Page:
So we can say that philosophy is a kind of activity consisting of asking very general question and searching for answers. Since the questions are very general, answers are not easy to be found. It is understandable, then, that philosophers always disagree with one another. I think this is the most visible character of philosophy in the eyes of the general public. This is also reinforced by the way philosophy is taught in colleges. Teachers today almost always refrain from giving their own viewpoints and their own answers to philosophical questions, preferring instead to let the students believe that there are “no right or wrong answers” in philosophy. I myself, I have to admit, am also guilty of this. But to let people think that philosophy has no right or wrong answers is very dangerous to the health of philosophy, and could be the single most devastating reason for society to scrap all of philosophy to the junkyard of history.
Philosophers in ancient times certainly did not believe that philosophy admitted of no right or wrong answers. All of them believed that their views were correct, and each was at pain to refute the others’ argument. Perhaps teachers of philosophy should try to bring back this ancient passion of firmly believing that one’s version is “the truth” back to our classrooms. In fact, of all of the famous philosophers in the pantheon, not a single one actually believed that philosophy admits of no right or wrong answers.
So how could one account for the fact that there is no question in philosophy that has been answered definitively so that there is no need for any search for answer any longer? This is the predicament of philosophy as mentioned earlier. But the fact that all previous attempts to provide definitive answers in philosophy have failed should not lead us to conclude that there are no rights or wrong answers.We need to believe that there are right and wrong answers; otherwise philosophy will be nothing more than hot air.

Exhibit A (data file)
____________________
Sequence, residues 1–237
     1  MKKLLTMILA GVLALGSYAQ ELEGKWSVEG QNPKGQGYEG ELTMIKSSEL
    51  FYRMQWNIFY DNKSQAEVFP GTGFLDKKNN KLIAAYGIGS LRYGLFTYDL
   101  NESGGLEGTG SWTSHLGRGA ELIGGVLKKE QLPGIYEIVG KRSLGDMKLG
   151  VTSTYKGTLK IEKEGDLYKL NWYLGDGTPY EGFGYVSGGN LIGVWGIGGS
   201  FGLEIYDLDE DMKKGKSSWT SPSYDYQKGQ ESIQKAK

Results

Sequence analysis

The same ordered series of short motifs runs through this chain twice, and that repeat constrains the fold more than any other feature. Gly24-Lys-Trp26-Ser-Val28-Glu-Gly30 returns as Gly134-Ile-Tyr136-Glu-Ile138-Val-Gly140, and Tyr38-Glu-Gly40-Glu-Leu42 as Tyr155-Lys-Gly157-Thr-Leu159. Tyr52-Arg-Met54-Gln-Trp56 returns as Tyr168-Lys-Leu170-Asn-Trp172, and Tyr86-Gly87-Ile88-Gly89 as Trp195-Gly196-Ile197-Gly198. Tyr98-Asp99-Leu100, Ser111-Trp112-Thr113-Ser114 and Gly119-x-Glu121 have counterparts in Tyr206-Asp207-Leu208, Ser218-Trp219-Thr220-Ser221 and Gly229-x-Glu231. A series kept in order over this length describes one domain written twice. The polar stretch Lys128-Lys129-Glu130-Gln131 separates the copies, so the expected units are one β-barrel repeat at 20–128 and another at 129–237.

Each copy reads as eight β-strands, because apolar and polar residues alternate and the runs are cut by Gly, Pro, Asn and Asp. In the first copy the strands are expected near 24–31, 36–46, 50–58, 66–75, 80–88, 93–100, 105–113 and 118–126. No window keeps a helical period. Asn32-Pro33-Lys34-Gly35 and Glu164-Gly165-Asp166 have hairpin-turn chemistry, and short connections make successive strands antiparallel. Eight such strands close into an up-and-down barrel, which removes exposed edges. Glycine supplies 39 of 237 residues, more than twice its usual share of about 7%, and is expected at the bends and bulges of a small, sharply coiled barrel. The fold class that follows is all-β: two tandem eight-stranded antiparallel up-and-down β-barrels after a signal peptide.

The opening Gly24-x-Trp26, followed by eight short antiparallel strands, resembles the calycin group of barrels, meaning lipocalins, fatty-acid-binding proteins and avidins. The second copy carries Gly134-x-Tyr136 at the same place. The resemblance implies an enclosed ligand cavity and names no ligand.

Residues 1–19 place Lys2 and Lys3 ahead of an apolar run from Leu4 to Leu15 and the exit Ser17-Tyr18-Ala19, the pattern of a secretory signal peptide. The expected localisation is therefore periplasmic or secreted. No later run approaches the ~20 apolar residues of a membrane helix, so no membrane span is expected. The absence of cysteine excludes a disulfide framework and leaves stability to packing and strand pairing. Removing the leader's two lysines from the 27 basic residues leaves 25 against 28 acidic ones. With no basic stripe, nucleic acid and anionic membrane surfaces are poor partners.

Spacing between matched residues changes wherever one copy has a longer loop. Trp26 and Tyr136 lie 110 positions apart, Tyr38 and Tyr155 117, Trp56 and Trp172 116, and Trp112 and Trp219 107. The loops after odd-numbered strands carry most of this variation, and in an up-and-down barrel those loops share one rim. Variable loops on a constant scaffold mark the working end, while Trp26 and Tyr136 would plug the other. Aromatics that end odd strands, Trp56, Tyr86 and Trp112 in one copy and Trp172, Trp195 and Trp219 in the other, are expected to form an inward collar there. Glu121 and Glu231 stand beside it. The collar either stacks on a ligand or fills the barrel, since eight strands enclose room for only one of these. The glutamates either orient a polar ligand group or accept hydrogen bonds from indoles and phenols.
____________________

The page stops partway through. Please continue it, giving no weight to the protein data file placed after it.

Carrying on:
This last point leads us back to our initial question. Philosophy’s being a very general discipline that asks foundational questions, and its method of finding answers through debates and discussions, makes it highly relevant in today’s world. Asking and searching for answers to very general questions not only helps us gain a bird’s eye view so that we can comprehend things better, it is also practical because it trains us to be able to imagine, to see things which are not there at the moment. Furthermore, debates and discussions encouraged by philosophy helps students to grasp the point or the main idea of talks and passages quickly and to hone one’s reasoning skills. This can be useful, if anything, in the courtroom. In fact many lawyers have had their first training as a philosopher.
So what, then, is philosophy? It’s an attempt by us human beings to find meanings in the world, deep meanings, superficial meanings, all of them. The ancient character of philosophy of asking very general questions and searching for answers through debates and discussions makes it relevant in today’s world. It is all the more so when no other disciplines care to do this important task, appearing to let philosophy take it up, which we philosophers should not let pass by. And on the World Philosophy Day, we are now reflective and re-emphasize this important mission of philosophy when it serves us all in society.